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Archive By Section - Columnists/Editorials


Bulloch History with Roger Allen - Lumber industry blooms in Bulloch

Another Bulloch Countian, Franklin P. Register set up his businesses in Bengal, nine miles west of Statesboro, in 1894. As two railroads made plans to pass through his land, he set up his own new town, Register. His nephew, J.L. Johnson, arrived to work with him until he built his own still.

September 16, 2011 | | Columnists/Editorials


Parenting Advice with John Rosemond - Why do children not give respect?

The question of the day: Why do today's parents have more problems with obedience than their grandparents ever thought possible?

September 16, 2011 | | Columnists/Editorials


Inside Bulloch Business with Jan Moore - New complex to offer low income housing

A large area of property has been cleared on West Jones on which low income housing for the elderly is going to be constructed. The complex is to be called Grace Crossing Apartments and will sit on a 12-acre tract.

September 12, 2011 | | Columnists/Editorials


Bulloch History with Roger Allen - Turpentine stills pop up in Georgia

In a manuscript dated 1610, entitled "Instructions for suche things as are to be sente from Virginia", it listed "Hard Pitche, Tarre, Turpentine, and Rozen." The monetary value of these "naval stores" had long been recognized.

September 09, 2011 | | Columnists/Editorials


Parenting Advice with John Rosemond - Mom losing her patience, sleep

Q: I gave birth to our second child a few weeks ago so I'm sleep-deprived and running low on patience. In the meantime, my 3-year-old son has become another person. He has regressed with potty training; he isn't cooperating with me about anything; and he laughs when I put him in time-out, like it's a joke. I find myself yelling and threatening constantly. Is this directly related to having a new sibling? If so, will it pass? By the way, he seems to like the idea of being a big brother. He's very sweet to him ...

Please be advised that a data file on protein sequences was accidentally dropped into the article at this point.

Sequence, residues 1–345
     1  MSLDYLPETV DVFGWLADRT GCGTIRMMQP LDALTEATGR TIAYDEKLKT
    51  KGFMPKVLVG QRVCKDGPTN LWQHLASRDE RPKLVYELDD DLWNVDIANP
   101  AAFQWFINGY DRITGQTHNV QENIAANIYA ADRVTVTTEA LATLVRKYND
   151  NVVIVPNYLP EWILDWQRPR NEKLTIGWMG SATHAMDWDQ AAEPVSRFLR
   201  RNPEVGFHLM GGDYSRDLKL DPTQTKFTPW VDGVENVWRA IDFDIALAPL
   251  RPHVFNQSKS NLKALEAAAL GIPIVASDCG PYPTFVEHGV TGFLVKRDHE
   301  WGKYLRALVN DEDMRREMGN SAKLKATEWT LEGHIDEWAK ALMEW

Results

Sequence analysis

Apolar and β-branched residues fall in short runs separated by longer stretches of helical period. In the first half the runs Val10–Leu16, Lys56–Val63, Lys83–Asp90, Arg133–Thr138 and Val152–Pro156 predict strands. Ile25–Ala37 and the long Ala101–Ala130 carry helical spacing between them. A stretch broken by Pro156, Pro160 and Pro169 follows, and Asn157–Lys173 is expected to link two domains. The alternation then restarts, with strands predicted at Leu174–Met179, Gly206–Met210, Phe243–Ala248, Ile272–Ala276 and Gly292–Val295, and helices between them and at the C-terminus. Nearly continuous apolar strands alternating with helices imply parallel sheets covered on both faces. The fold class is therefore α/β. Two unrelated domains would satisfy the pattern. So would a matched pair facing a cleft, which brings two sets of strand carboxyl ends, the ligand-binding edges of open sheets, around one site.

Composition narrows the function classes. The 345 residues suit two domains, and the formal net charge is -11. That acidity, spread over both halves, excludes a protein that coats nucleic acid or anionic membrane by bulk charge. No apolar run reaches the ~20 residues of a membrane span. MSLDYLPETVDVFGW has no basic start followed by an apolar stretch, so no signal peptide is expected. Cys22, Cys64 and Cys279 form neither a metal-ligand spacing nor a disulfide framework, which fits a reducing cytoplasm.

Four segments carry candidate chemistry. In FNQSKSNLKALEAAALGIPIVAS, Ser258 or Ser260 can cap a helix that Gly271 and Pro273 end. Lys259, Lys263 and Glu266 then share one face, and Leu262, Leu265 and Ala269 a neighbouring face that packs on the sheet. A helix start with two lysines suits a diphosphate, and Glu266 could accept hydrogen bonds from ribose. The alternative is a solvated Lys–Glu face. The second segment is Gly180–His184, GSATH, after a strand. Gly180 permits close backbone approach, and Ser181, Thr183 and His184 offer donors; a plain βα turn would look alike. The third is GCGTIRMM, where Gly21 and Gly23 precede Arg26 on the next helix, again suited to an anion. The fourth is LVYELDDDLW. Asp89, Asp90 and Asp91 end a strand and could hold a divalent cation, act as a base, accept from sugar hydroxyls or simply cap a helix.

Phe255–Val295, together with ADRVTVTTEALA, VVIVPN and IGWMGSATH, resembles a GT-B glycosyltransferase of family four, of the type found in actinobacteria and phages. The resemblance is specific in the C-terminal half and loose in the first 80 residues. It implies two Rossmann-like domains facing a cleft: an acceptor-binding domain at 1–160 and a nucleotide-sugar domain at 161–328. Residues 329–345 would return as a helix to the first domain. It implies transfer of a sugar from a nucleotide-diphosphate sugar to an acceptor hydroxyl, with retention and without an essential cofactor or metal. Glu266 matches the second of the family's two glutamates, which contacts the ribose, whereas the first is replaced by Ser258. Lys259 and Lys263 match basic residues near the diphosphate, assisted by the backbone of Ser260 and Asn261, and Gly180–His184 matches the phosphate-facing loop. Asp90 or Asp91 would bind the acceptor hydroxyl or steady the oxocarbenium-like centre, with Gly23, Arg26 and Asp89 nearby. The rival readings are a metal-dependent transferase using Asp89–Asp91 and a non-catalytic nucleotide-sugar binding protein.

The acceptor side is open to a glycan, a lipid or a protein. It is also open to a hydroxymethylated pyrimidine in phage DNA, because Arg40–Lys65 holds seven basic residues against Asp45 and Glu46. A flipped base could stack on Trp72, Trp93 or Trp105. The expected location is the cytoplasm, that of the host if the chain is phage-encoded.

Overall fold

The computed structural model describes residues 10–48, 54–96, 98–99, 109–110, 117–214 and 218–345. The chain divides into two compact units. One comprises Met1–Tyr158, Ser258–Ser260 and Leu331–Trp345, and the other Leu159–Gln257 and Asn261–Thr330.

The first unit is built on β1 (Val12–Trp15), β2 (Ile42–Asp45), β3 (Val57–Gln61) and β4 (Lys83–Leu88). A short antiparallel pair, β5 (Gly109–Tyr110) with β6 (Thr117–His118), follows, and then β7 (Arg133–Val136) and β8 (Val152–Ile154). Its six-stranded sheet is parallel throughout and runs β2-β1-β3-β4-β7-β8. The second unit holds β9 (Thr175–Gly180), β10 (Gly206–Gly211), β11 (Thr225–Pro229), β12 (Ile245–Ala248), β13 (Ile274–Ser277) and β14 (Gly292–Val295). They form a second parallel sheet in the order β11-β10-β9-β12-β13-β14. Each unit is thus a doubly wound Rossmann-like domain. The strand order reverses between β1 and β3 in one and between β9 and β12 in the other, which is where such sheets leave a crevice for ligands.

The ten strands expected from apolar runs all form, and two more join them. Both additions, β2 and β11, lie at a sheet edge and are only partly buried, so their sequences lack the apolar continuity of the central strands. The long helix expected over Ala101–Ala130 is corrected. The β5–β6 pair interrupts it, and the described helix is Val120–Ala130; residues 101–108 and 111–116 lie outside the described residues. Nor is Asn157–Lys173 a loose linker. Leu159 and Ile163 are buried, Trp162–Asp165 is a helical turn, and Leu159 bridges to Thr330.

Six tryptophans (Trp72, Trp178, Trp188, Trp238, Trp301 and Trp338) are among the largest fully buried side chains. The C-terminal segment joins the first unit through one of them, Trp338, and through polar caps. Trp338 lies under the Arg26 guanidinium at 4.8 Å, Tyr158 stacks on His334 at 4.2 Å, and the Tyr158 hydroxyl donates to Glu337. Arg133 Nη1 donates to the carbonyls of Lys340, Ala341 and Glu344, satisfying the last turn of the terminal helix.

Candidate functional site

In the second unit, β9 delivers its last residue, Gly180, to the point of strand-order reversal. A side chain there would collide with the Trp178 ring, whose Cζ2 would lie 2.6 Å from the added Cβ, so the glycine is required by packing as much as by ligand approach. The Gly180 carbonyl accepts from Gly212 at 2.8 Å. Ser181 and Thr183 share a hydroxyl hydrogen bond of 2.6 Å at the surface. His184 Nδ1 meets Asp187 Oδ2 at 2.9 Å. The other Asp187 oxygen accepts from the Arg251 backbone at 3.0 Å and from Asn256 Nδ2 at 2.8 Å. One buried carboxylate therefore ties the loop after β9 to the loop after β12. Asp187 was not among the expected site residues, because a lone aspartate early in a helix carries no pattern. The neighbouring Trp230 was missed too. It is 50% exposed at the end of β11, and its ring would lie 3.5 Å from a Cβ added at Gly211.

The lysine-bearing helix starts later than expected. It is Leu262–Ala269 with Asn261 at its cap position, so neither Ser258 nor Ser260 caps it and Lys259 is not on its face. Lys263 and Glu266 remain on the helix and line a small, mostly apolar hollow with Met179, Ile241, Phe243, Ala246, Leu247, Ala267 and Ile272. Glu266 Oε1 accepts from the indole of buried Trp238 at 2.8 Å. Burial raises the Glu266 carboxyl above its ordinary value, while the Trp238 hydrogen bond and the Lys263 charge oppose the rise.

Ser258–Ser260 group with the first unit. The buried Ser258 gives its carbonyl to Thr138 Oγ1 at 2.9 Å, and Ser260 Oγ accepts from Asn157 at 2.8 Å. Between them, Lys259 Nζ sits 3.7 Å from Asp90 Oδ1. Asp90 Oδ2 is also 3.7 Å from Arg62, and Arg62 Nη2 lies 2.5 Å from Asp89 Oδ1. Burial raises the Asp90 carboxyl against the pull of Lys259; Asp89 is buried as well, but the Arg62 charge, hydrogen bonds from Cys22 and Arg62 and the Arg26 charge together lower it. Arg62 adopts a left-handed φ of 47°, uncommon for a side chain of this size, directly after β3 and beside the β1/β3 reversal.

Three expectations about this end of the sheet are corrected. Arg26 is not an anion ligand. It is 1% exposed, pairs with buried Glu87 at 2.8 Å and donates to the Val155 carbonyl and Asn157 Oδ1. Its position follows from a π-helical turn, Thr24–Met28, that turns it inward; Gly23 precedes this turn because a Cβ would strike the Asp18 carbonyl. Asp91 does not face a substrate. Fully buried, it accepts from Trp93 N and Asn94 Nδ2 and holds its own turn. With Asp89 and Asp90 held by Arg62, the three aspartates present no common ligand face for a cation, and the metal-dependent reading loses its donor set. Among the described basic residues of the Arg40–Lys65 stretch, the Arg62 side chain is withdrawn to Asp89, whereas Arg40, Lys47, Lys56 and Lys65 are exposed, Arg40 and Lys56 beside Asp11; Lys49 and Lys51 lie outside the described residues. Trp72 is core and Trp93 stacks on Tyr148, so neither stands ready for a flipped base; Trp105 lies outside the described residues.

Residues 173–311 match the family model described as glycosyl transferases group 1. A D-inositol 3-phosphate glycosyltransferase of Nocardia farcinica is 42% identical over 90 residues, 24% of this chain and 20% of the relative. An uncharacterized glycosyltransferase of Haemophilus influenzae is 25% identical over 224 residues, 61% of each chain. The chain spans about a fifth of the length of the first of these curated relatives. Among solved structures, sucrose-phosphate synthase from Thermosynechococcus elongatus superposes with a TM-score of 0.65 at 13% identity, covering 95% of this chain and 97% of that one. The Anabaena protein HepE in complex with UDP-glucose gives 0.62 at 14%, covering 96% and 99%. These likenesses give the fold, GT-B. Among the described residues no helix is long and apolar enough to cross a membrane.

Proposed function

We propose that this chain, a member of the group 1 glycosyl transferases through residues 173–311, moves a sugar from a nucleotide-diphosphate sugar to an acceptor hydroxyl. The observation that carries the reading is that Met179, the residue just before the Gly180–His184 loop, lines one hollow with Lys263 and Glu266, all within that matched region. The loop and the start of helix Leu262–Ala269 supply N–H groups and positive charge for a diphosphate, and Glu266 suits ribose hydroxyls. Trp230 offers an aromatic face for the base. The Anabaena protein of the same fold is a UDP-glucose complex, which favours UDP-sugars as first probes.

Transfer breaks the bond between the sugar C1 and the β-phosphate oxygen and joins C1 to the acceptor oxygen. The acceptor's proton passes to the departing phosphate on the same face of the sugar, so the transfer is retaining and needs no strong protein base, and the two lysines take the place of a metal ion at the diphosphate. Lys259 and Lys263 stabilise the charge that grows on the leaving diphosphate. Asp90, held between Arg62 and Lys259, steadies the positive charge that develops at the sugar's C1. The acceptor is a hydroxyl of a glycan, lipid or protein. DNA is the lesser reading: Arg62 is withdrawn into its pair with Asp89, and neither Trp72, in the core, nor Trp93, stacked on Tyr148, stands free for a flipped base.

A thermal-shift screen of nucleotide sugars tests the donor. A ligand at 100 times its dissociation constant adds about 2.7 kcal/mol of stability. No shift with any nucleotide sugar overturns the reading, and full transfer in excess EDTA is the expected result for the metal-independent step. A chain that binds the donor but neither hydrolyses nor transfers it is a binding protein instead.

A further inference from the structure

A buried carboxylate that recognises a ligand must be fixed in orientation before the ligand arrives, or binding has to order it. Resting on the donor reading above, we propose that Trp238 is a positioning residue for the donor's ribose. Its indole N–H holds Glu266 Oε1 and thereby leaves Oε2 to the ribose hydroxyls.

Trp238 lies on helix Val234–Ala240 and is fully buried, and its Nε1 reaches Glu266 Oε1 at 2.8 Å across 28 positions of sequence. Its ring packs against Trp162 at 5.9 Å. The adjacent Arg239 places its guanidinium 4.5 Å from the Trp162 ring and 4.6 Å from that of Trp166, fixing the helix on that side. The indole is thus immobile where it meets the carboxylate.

September 09, 2011 | | Columnists/Editorials


Bulloch Genealogy with Roger Allen - Akinses get name from Scotch hero

The MacKinnons assisted King Robert I of Scotland during the Wars of Scottish Independence, and were rewarded with their island estate. They ruled from "An Caisteal Moal," which after Findanus' marriage to Mary became known as "Dun Akin."

September 09, 2011 | | Columnists/Editorials


Kathy Bradley - Three views from an office

I've worked in this building for 11 years. I'm presently in my third office. The first one was directly by the front door and everyone who came in passed by. It had a set a double windows with a sill wide enough that, on afternoons when my brain pulsed like the walls of a disco and distraction was the only antidote for the throbbing, I could sit and watch the traffic - car and foot - move by on Main Street in currents running north and south.

September 09, 2011 | | Columnists/Editorials


A letter from a wise 'quacker'

The letter was postmarked "White River Junction" and the return address was "123 This Avenue, Anyplace, IA."

September 06, 2011 | Holli Deal Saxon | Columnists/Editorials


Inside Bulloch Business with Jan Moore - Tractor Supply creating 12-17 new jobs

With no fanfare whatsoever, construction has begun, and you all have noticed. Right behind the McDonald's restaurant at the corner of Northside Drive and Lovett Road - in the Southern Square shopping center - the building of a new, free-standing Tractor Supply is underway.

September 05, 2011 | | Columnists/Editorials


John Bressler - Bringing together folks of different faiths

While I was pastor of the Presbyterian Church on South Tamiami Trail in Sarasota, Florida, I was asked to convene, chair and moderate the NCCJ, the National Conference of Christians and Jews. We met monthly and the group included mostly Reform rabbis, members of their congregations, as well as Christian pastors and church members. There was one purpose of the gathering and that was to study the Bible and how it was read, studied and applied in Jewish and Christian communities.

September 03, 2011 | | Columnists/Editorials


Bulloch History with Roger Allen - Cotton: Tobacco becomes a local staple crop

John Rolfe of Virginia established his plantation in 1616 "at West and Sherley Hundred … (with) twenty-five (workers) … imployed onely in planting and curing tobacco".

September 02, 2011 | | Columnists/Editorials


Parenting Advice with John Rosemond - Separate biting sister, brother

Q: In the last month, our 36-month-old daughter has started biting her 22-month-old brother, usually over toy struggles. It is always to get his hand to release the toy in question. I'm sorry to say that when she bites, I lose it. My husband says I should put her in her room until he gets home from work no matter what time of day the biting occurs. She is currently in her room until dad gets home. I worry that this is too much for a child her age, but then again, time-outs are a joke. Help!